A look at relationships, personal growth, & living/working in the 21st century.

Posts tagged ‘grandmother’

Why EVERYONE should have a pet.

Take a minute to hug your dog – I’m sure he kisses you every chance he gets.

Having a pet is a always a winning proposition. Some people will say they don’t have time to care for a pet, or they can’t afford the vet bills. However, the reality is that being a pet owner can only improve your life. Caring for a pet requires you to step outside yourself and love another being. A pet’s love for you is unconditional and ever so powerful. No matter how badly your day has gone, upon returning home, your awaiting pet will shower you with genuine, wholehearted affection. As a result, you become happier, healthier, and generally a better person.

In case you’re questioning my logic, let’s look at the anecdotal evidence-health benefits. Pet owners improve their health by interacting with their pets. Lowered blood pressure is one outcome of interaction with domesticated animals. Whether you are walking through a petting zoo or holding a furry family member, it’s just pleasant, relaxing, and peaceful to interact with a friendly animal.

Oxytocin, sometimes called the “love hormone,” is being studied to determine it’s role in social recognition, pair bonding, anxiety, and maternal behaviors (Wikipedia). Oxytocin is a neuromodulator, meaning it is a horomone which remains in the cerebrospinal fluid for an extended period of time, thereby exerting a longer influence on overall brain activity.

Recent studies have shown that after interaction with their pets, individuals have higher levels of Oxytocin in their bloodstream than if they have not had such an interaction with their pet. This research moves science toward finding measurable effects of human-animal interaction.

It is known that pet owners are in better physical health than those without pets. Further, pet owners are more likely to survive serious heart attacks than those without a pet in the home. Anecdotes on the benefits of companion animals are quite compelling, and the professional community is finally noticing. The Eunice Kennedy Shriver National Institute on Child Health and Devrlopment, part of the National Institute of Health, is examining whether service animals can tangibly benefit children’s well-being.

My Grandmother is a living testament to the fact that loving animals extends your life – both the quantity (length) and quality. Despite daily arthritis pain in many of her joints, she spends a significant portion of every day caring for/interacting with her dogs (English Bulldogs).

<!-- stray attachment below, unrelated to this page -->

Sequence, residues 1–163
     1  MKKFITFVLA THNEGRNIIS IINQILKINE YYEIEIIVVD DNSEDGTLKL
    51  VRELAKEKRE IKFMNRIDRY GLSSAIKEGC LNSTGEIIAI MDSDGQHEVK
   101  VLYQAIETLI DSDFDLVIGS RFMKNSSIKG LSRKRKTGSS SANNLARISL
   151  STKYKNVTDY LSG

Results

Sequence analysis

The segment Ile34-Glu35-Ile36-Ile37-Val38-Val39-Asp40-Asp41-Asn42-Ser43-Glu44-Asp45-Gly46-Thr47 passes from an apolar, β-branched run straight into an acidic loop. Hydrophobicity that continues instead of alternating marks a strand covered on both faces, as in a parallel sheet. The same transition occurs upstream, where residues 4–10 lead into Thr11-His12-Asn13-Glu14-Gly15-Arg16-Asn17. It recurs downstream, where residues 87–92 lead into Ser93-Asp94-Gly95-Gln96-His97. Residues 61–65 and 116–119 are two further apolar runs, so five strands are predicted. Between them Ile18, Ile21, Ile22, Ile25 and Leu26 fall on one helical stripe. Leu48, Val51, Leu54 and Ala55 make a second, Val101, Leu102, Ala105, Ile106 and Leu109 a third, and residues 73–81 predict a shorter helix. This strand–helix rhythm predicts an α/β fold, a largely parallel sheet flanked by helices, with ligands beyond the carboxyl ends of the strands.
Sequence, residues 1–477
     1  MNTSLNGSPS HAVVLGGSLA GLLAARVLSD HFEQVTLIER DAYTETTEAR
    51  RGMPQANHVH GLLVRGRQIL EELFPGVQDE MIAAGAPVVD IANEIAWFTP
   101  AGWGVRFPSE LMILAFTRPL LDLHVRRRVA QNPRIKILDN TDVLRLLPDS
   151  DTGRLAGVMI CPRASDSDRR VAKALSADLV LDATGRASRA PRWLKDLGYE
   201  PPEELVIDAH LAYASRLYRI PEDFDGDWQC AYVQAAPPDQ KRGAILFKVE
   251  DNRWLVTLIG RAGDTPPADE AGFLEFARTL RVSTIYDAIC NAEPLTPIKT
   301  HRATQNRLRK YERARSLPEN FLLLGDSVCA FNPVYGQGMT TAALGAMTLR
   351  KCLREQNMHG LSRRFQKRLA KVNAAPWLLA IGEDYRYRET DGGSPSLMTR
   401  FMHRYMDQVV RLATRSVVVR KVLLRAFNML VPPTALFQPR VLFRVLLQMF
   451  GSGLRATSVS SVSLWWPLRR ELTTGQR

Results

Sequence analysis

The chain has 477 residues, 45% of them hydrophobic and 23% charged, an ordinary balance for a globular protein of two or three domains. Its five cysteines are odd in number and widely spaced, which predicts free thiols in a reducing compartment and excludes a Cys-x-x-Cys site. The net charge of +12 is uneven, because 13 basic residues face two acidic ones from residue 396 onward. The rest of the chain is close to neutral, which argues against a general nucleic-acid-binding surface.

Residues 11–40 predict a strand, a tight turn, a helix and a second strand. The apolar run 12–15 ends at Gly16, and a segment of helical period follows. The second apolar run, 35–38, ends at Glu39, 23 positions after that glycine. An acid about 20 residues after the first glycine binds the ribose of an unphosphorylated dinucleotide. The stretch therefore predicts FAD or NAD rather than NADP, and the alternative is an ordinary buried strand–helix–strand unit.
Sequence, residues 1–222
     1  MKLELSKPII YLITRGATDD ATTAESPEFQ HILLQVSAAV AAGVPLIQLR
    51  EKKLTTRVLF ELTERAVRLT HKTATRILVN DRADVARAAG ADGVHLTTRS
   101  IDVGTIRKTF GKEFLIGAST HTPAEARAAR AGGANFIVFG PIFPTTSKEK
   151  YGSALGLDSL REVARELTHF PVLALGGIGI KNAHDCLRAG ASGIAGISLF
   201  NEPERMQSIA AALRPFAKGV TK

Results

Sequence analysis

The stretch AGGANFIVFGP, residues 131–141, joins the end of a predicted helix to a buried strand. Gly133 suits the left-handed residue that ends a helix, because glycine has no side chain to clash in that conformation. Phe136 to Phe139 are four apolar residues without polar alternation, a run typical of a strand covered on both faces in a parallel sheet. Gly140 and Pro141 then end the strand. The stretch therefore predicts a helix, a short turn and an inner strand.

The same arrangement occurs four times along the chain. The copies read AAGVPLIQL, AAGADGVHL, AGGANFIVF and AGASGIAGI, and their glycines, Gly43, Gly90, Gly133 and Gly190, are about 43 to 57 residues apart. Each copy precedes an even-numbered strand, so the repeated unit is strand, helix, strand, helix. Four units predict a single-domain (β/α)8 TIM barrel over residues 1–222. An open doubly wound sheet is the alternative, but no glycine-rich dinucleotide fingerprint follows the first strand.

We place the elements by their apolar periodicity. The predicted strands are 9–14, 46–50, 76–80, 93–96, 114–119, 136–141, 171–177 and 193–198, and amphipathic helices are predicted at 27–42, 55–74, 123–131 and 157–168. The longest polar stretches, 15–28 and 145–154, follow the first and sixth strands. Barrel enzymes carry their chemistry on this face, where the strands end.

Pets teach us invaluable life lessons, such as, how to be happy, how to treat others well, and how to enjoy every moment. Why would anyone not want to learn to live these lessons? So, don’t forget – hug that pet!


My Grandmother

They say write about what you know-I know my grandmother. As long as I can remember she’s been my hero, my comrade, my ally. In many important ways she’s always made sense to me. Throughout my life she’s been a force of good in my life. When I was a child, she always made me feel loved, smart, talented, and special. I cannot recall a single time when she raised her voice or in any way seemed angry with me. As I started school, she shared her love of learning with me and gave me the appetite for knowledge that still spurs my intellectual growth today. The annual trips she and I made to buy my new school clothes were magical times for me. The magic was in the knowledge that our trips were, without fail, times when I felt understood, and when I knew disappointment was not even a possibility.

She was the only elder in my life who could genuinely relate to my college experiences. She made course suggestions, only when I asked, and her ideas were right on-the-mark, as she knew me as well as I knew her. She knew I wanted and needed a higher education and an associated career, unlike any of my male elders.